The words ‘monk’ comes from ‘monos’ or ‘alone’. In other words, ‘alone with God’. Nobody but me and God. Everything else and everyone else given up for God. Alone with God. God alone.
This example was first set by the desert fathers in the early fourth century. Christianity had become fashionable. The emperor and his mother embraced the faith. People were converting in order to be part of the inside circle. So St Anthony took off to the desert to live in a cave.
The desert fathers of Egypt therefore set an example of renunciation. They deliberately walked away from the power, the privilege, the prestige, the prosperity and the pride that could have been theirs. Instead they lived in caves, did quiet, repetitive work, kept silence and learned to pray.
Now the thing I have always loved about the monastic founders–whether it was St Anthony of Egypt or Pachomius or Benedict–is that they didn’t set out to start a ‘movement’. They just did what they had to do. They were faithful to their vocation and calling. That others joined them, and that a movement developed was not only an unexpected growth, but often an unwelcome one at that.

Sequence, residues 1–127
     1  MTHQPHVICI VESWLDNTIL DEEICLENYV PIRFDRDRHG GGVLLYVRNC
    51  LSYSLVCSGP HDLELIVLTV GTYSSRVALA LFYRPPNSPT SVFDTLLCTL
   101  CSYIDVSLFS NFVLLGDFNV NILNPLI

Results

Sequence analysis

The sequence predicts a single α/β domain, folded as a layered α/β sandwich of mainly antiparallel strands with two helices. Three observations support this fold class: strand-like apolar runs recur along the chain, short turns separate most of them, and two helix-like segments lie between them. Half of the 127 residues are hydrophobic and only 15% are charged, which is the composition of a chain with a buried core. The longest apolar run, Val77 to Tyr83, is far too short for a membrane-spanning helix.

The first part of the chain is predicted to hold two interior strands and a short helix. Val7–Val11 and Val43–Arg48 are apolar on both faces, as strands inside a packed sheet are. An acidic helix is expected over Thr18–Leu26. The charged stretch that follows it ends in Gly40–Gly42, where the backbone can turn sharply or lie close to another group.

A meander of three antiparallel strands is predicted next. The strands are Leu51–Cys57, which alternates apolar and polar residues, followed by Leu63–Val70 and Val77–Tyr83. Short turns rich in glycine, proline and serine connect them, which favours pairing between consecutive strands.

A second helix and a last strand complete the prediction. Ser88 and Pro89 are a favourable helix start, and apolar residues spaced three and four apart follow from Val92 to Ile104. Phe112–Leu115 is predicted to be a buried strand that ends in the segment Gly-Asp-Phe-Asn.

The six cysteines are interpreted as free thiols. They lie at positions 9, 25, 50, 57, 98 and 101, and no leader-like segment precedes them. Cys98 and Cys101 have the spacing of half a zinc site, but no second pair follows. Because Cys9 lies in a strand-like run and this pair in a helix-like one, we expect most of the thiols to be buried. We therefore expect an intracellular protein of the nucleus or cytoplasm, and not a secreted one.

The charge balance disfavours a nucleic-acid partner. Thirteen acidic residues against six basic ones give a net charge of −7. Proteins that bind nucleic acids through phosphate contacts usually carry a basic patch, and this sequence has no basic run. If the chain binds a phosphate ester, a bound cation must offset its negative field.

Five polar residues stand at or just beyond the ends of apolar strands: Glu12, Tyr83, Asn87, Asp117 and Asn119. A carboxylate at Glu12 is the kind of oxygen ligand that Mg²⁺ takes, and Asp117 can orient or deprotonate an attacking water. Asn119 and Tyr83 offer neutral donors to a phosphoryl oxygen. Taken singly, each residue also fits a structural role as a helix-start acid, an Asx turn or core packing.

Furthermore, they changed history, and that is also something they didn’t set out to do. Anthony and Pachomius and Benedict went out to mind their own business, work hard, pray hard and study and be true to themselves and their God. They ended up preserving classical learning, laid the foundation for a new christendom, and established a refuge for what was left for civilization, thus planting a seed for a new civilization.
You thought monks were just cutting themselves off–doing something radical and a little bit misanthropic. In the meantime they were doing something beautiful for God. Hidden away in the desert, they are cultivating the power of prayer and planting the seed of God in the world.
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